Sell Yourself With Business Benefits (And Not Geek Speak)Filed Under 3 Days To Building A Perfect Resume
This is Part #1 of the 3 Days To Building A Perfect Resume series.
One of the biggest mistakes I see in developers’ resumes is that fact that they get very granular in the details of their experiences. As I have said before, people think in terms of benefits over features. As a result, most developer resumes connect with developers, but create a very large disconnect with management.
Putting to much emphasis on technical terms and scenarios is just another form of dangerous geek speak. Some (but not all) developers do not attempt to “wow” the manager types by showing them benefits at their level, they instead attempt to “overrun” them with jargon thus thinking it will convince them that they are very experienced and the best logical choice. The opposite is actually true, managers will FUD on you and probably decide that (although technical) you are not what they are looking for.
In order to help interviewing managers connect the dots, work on a resume that outlines the diverse BENEFITS of the projects and people you have worked with, rather than the SPECIFICS.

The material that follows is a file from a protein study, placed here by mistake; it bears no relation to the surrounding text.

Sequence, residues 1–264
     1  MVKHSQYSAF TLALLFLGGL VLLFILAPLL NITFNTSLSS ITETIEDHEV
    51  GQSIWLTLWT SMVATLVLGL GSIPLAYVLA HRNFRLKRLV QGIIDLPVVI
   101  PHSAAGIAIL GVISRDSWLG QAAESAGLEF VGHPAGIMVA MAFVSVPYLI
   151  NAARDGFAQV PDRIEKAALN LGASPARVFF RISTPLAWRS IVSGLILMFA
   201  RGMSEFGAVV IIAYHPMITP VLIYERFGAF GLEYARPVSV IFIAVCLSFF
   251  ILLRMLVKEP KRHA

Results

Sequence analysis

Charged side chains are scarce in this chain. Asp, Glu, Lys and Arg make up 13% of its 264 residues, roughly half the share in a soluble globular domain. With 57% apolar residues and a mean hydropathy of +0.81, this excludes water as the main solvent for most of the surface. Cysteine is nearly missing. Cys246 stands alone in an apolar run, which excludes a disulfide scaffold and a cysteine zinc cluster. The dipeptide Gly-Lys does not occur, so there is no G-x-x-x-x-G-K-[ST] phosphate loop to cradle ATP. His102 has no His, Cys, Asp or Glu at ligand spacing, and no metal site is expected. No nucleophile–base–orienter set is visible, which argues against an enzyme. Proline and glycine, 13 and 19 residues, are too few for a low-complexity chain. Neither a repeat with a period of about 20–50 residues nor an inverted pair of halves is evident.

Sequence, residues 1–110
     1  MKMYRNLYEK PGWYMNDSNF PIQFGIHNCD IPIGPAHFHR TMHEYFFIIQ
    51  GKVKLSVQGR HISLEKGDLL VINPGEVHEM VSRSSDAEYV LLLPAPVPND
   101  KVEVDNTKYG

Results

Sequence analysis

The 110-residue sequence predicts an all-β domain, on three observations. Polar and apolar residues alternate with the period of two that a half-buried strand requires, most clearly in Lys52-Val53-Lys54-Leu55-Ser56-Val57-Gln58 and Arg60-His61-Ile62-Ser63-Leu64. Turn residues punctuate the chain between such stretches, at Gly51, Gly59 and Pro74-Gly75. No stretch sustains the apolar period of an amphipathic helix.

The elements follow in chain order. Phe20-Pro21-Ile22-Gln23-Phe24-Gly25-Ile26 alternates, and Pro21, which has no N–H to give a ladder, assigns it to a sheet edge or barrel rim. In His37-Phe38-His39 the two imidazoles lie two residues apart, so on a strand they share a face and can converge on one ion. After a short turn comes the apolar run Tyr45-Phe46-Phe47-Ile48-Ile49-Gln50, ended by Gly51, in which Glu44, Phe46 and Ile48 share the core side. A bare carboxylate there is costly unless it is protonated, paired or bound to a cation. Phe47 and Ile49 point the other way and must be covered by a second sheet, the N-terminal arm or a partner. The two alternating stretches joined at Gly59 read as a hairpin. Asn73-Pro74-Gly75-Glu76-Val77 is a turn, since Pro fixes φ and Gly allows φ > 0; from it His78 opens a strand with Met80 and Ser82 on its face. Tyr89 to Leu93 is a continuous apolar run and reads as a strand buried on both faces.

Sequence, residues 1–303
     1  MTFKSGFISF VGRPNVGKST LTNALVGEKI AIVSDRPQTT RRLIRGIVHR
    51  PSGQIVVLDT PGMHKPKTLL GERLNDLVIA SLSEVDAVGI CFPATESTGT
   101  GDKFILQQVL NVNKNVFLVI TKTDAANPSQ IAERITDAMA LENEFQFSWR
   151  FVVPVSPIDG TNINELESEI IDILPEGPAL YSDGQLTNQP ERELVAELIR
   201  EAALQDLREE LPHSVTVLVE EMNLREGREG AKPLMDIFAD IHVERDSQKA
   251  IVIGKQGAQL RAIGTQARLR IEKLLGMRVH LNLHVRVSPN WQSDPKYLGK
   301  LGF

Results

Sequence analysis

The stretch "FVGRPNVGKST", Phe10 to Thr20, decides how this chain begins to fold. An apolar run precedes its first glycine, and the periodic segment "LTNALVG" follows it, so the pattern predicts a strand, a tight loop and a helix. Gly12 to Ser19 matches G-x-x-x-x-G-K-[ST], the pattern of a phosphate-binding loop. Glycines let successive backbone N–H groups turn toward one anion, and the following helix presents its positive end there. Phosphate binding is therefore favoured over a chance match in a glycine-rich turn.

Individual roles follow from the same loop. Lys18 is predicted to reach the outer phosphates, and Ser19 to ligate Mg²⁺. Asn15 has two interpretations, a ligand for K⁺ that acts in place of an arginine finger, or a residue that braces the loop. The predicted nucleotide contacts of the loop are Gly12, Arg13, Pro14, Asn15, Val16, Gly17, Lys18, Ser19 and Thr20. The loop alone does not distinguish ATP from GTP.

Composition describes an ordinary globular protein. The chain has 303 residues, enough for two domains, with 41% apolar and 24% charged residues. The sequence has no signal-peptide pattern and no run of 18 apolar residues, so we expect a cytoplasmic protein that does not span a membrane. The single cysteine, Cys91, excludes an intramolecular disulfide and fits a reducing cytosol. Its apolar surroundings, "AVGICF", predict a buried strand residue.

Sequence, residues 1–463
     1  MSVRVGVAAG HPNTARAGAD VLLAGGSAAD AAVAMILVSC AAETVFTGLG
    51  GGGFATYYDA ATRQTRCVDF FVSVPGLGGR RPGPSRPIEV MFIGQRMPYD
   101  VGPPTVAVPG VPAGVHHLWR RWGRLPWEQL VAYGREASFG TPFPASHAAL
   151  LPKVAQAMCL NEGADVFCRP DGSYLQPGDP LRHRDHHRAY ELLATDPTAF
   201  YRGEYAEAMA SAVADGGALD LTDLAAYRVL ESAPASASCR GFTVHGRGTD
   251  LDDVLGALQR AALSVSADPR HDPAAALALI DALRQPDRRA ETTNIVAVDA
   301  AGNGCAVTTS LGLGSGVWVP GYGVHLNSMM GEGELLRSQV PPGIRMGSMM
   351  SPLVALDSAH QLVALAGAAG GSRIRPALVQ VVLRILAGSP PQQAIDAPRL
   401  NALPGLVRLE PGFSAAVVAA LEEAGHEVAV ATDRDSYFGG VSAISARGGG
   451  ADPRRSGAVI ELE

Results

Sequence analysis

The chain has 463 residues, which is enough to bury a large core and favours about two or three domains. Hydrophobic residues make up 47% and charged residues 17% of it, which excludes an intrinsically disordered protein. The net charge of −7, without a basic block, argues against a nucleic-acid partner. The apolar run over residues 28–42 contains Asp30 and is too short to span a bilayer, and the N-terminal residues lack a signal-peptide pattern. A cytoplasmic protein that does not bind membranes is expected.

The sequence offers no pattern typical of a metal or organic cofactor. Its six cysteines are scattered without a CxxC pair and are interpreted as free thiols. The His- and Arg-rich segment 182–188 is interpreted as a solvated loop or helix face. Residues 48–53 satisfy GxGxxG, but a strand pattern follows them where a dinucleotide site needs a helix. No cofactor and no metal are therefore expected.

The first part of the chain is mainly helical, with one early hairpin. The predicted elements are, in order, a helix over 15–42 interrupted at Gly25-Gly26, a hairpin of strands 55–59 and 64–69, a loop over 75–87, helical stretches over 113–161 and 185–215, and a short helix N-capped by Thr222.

What am I trying to say? Remember the styrofoam cup rant? People have never been interested in features (whether bullet points on a software box or on your resume), people are only interested in the benefits that those features bring.
The real “trick” is to write down your experience in ways that allow people to imagine what it would be like if they received those benefits and results. For example:
Common Resume Mistake:
- Built a ASP.NET CMS system for a high profile company that used it to monitor blood pressure machines. The client was very happy as it did 1 million transactions a day via AJAX.
- Managed a 100 person team dealing with C++ integration points to 3rd party products.
- Developed systems that significantly lowered the clients operating costs by maximizing the number of daily sales transactions
- Managed a large (100+) team that created a number of product opportunities and business partnerships by integrating with 3rd party applications and platforms.
Now which resume do you think will impress a manager? By presenting yourself as already solving problems that businesses continually improve on (i.e. increase sales, decrease operating costs, product development, etc…), the potential employer does not have to bridge the gap between your skills and the bottom-line benefits they will bring.
This simple resume tweak will take you from “AJAX blood pressure man” to “Team leader that can provide business opportunities”. Guess which one I would rather be…